I'm hoping someone here can answer a legal question for me, as I can't
find the answer online. A friend told me recently that if you have a
lawnmower, and pay someone to use it, it must be fitted with an operator
presence control. That is, one of those levers you have to hold onto,
and if you let go of it the engine stops. Personally I find them an
annoyance. Does anyone know if this is true?
On Sat, 02 Aug 2008 08:33:35 +0000, Christopher Tidy
Is it a 'must' or a 'should'? I thought it was only applicable if you
wanted to conform to the standard - I'm not sure it's a requirement?
I'm inclined to think it's more about which bored bureaucrat could be
bothered to do any 'work' on any given day.
The better ones have a bar that sits above the handle - at least you
then have the weight of your hands in play.
Where I see models fitted with a dead man's handle at the local tip,
there's nearly always a plant tie attached to the handle - so I think
it's a fairly common annoyance.
Stephen Howard - Woodwind repairs & period restorations
Whether it is obligatory to have such a cut-out I don't know. What is fairly
certain is that should you employ somebody to use that mower with the
cut-out deliberately disabled, then you would be guilty of wilful neglect of
that person's safety and therefore liable to pay compensation in the event
Like most people I regard it as a damn nuisance and tie it up with a plant
tie. The one on my hedge trimmer is even worse because it incorporates a
brake with a powerful spring, making it ridiulously heavy to hold up, and
tiring on the fingers to clench both triggers.
While I have yet to contact the local H. & S. office (I do intend to), I
came across something interesting today. I was looking at a brochure for
the latest Dennis lawnmowers. None of their most expensive machines have
an operator presence control, but the cheaper ones do.
Presumably this means that it is not a legal requirement. It also
suggests that professional groundsmen know that the feature is annoying!
I'm guessing the more expensive ones require you to pull a lever to engage
the blade though...
It's not a requirement for the operator presence control to stop the engine.
It just has to stop any cutting blades. You can buy Honda mowers that work
by disengaging drive to the blade, but they are more expensive, as they
obviously require a good few more components.
Thanks for suggesting that I contact the HSE. I have now had a response
from them, and I thought I would share it here for the benefit of others.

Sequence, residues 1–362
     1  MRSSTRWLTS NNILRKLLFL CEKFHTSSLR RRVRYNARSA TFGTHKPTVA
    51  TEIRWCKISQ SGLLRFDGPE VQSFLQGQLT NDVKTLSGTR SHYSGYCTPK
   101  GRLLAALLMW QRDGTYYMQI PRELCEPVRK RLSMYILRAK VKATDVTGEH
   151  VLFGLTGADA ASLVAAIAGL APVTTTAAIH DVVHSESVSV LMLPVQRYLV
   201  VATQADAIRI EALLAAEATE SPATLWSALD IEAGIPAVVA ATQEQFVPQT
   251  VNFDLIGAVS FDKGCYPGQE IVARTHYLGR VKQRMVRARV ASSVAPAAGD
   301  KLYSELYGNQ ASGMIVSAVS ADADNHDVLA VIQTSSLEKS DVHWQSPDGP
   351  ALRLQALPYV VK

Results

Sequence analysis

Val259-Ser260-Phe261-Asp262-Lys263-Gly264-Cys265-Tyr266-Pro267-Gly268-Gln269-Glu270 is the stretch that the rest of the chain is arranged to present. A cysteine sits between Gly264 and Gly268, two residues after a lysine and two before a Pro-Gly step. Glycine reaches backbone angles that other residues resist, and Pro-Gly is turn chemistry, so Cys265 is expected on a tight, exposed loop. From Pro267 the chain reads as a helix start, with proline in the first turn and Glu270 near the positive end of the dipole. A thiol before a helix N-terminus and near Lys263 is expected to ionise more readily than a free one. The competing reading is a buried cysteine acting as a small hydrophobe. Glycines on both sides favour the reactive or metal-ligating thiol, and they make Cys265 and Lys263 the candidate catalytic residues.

There is no specific legal requirement in the UK that a lawnmower be
fitted with an operator presence control. However they also referred me
to the Provision and Use of Work Equipment Regulations 1998. The gist of
these regulations is that the employer must select equipment with care
in order to reduce or eliminate risks to the health and safety of their
Based on these regulations, a good lawyer could probably construct an
argument either for or against an operator presence control. It could be
argued that it has few negative effects, and therefore is a worthwhile
added safety feature. But it could alternatively be argued (in my view
more convincingly) that the feature is a nuisance, increases operator
fatigue, provides a false sense of security, is very rarely used to stop
the engine for safety reasons, and is a feature commonly omitted from
larger, more dangerous machines.
In the end I am left with the gut feeling that it is much more important
for the employer to choose his operator carefully than to ensure his
machine is fitted with an operator presence control. While the following
quote is a bit frivolous, I believe it's appropriate here:
"You can't idiot proof anything; every time you try, they just make
I forget who the quote comes from.
Thanks for the advice.
I'm still waiting for MY lawnmower to come back after the gearbox associated
with the 'operator presence control' failed after 2 months ( 5 or 6 uses ).
It's taken 10 weeks so far and no sign of it coming back soon so I've asked
the Credit Card company to refund us.
I think I've said before about 90% of equipment failures being due to the
built in test equipment that is supposed to make things more reliable. Strip
all the crap, keep it simple and you will be much better of :)
And if anybody is thinking about a new lawnmower - don't bother with Mowerland :(
Just out of interest, what is the make and model of your mower?
Some pieces of electronics have made machines more reliable during their
intended lifetimes. Modern car engines start more reliably in cold
weather than most old engines, for example. But all added complexity,
especially electronics, compromises the long term maintainability of a
In 50 years time, are people going to be collecting the lawnmowers and
engines made today? I think few people will be interested, because they
aren't the exemplary pieces of workmanship that they used to be.
In this case I think the continual stopping and starting of the motor has
stressed the 90deg gearbox that takes power from the engine to drive the rear
wheel. It had just seized solid, and one would have to dismantle the 'operator
presence control' to get the belt off to make it a simple push along.
On the aspect of 'ealth and safety' - I think I will probably do more damage
to my back having to restart the engine every time a empty the basket. Which
can be 30 or 40 times each session :(
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